She said that a future roadmap to enable this calls for serious engagement from all stakeholders that would create an ecosystem for significant investments, the potential for which she pegged at US$ 100 Billion.
Lastly Sundararajan also highlighted that the satellite communications ecosystem was at the cusp of huge change led by new and emerging satellite technologies such as LEO (Low-earth-orbit) and MEO (Medium-earth-orbit) systems and India needs to examine how these systems can be brought into India.
In his message, K Sivan, Secretary Department of Space (DoS) and Chairman, ISRO said, “The space technology plays a critical role in connecting the unconnected, despite the growing popularity of the terrestrial means of communication. When it comes to provide the connectivity to deep rural and inaccessible hilly areas, there is no alternative to Satcom.”
Industry representative lauded Ms. Sundararajan’s vision for the sector and agreed that a new era for the industry would unfold with increases private sector engagement and partnerships.
Dr. Rajat Kathuria, Director and Chief Executive, ICRIER said, “Satellite Communications can help fast track digital India initiatives. An enabling regulatory environment with increased private sector participation will catalyze the growth of Satcom in India as it did for Indian telecom”
Jean Jacques Bruniera, Director, Strategic Initiatives, Thales Alenia Space said, “With the advent of the 5G standards, several radio technologies will be combined in a single network. A satellite solution can be an attractive approach to supplement terrestrial networks, provided this satellite infrastructure is seamlessly integrated and operated within the 5G system. During the India Satcom 2018, Thales Alenia Space disclosed its satellite component concept which can seamlessly supplement the 5G terrestrial network and provide access communications to the regular end user terminals.”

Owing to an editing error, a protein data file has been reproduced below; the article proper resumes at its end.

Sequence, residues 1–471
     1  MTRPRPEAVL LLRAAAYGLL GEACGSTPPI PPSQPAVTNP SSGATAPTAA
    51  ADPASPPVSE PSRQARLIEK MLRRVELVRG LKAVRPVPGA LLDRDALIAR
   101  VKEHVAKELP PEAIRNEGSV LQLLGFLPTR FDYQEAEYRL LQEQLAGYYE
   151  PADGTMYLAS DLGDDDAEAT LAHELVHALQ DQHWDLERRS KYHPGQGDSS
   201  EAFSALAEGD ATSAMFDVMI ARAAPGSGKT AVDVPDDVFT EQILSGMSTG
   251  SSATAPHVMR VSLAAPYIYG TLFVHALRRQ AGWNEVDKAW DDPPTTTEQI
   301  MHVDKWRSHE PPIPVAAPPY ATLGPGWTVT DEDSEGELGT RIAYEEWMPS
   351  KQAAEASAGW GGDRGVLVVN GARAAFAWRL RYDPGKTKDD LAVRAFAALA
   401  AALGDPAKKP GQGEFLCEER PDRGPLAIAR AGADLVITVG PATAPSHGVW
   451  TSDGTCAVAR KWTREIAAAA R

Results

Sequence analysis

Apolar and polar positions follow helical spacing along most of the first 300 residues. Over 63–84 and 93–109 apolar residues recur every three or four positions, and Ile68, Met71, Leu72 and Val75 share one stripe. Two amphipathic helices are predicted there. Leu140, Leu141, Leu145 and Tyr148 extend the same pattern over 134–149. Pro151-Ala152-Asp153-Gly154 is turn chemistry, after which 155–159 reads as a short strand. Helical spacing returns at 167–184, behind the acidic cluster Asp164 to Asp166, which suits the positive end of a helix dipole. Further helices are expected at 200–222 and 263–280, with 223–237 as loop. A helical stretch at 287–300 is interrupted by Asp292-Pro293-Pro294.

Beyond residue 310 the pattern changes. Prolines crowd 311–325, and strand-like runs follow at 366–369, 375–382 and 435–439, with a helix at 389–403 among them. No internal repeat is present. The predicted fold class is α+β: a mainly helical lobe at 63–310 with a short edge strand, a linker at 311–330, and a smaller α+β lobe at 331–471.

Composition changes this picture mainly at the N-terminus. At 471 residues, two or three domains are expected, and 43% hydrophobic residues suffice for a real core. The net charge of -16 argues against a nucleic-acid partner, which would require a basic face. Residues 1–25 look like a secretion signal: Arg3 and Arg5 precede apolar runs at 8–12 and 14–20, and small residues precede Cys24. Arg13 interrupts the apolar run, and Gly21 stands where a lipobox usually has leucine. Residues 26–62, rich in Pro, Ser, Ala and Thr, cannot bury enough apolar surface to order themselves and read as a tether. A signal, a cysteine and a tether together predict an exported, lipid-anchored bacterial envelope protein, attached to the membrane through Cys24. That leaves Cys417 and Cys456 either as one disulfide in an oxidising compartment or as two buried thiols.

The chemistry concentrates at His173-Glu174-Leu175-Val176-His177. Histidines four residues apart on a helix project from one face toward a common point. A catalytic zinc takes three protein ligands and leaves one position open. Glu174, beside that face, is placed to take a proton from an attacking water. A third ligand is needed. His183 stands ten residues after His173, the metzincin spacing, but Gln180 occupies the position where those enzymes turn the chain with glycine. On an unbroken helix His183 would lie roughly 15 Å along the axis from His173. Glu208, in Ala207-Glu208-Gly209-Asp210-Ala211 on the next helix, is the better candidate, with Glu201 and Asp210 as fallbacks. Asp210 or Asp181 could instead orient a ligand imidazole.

TV Ramachandran, President, Broadband India Forum said, “In order to mainstream satellite communication it is crucial to encourage the private sector investment in the space industry in India and attract foreign investments in this area. For the first time New Digital Communications Policy has outlined the government vision for Satcom and its ability to expand the use of broadband in every nook and corner of India. To make satellite bandwidth more affordable to consumers and use of new innovations will be key to change the landscape of communications in India and should be adopted on a large scale.”
Satellite Technology has immense potential for true Broadband applications. Broadband India Forum (BIF) has been working for the cause of proliferation of broadband and sees immense potential in the use of satellite as a medium for broadband and for acceleration of the government’s Digital India program. One of its Core beliefs is that India needs to tap the true potential of satellite communications, not just by gainfully exploiting the spare satellite capacities over the visible Indian arc but also through pro-active and pro-industry space policy.